Frequent Internet Users May Prefer More Health Care Information and Participation in Decision-Making

Eamon C. Tewell

Abstract


Objective – To determine whether there is a significant relationship between patients’ frequency of Internet use and their health care information and decision-making preferences.

Design – Cross-sectional questionnaire survey.

Settings – Undergraduate classes at a large state university and senior-oriented computer classes at public libraries and senior centers.

Subjects – 438 respondents, including 226 undergraduates (mean age 20) and 212 community-dwelling older adults (mean age 72).

Methods – Respondents were administered the Health Information Wants Questionnaire (HIWQ), a 21-item instrument designed to measure preferences for 7 types of health information and decision-making, in group settings.

Main Results – The younger age group spent significantly more time online compared to the older age group. Frequent Internet users in both populations expressed an overall preference for more information regarding diagnosis, but less information for psychosocial and health care provider concerns. Internet use was positively correlated to the overall preference rating, leading the researchers to suggest that, as a whole, regular Internet users prefer more information and independence in decision-making.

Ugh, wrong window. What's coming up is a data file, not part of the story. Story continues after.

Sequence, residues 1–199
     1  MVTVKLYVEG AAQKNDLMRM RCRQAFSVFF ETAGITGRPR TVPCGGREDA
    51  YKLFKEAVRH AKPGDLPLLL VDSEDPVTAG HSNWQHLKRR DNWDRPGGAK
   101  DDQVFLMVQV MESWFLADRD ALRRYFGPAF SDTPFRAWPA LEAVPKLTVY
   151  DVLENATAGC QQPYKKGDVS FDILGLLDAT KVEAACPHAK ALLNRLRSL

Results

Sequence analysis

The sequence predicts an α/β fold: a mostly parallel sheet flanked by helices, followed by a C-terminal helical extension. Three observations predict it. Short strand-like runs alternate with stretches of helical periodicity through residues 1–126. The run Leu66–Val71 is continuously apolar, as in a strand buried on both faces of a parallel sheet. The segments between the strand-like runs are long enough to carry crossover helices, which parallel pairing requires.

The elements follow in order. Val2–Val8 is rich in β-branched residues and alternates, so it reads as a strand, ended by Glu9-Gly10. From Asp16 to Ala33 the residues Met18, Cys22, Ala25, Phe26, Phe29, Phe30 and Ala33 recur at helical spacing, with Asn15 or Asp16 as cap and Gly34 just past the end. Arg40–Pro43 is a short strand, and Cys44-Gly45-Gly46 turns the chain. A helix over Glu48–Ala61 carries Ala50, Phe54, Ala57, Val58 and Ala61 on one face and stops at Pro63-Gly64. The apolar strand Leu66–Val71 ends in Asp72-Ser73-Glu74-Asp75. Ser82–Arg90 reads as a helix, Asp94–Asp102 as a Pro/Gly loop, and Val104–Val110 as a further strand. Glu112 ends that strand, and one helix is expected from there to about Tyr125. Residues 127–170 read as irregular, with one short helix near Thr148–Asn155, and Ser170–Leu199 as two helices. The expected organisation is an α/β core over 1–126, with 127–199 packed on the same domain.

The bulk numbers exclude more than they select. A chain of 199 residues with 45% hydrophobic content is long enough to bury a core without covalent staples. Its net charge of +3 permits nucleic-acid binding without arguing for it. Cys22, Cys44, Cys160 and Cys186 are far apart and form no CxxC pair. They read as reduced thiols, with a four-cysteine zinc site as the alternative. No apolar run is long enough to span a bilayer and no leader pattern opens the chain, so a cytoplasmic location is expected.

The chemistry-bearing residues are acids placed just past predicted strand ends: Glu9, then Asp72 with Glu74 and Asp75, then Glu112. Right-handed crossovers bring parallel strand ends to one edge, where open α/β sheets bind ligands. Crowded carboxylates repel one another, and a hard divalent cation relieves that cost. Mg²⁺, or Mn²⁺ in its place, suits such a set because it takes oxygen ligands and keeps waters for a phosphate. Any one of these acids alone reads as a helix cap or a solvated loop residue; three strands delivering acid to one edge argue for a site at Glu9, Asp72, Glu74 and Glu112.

Conclusions – The study concludes that Internet use frequency is associated with an overall preference for obtaining health information and participating in decision making. Internet use as related to different types of preferences is inconsistent. Age was not found to be associated with the overall preference rating, and time spent online is proposed to be a stronger indicator of respondents’ health information preferences. The authors suggest that future studies utilizing the HIWQ take a longitudinal approach in order to better track how patient preferences for information may evolve over time.

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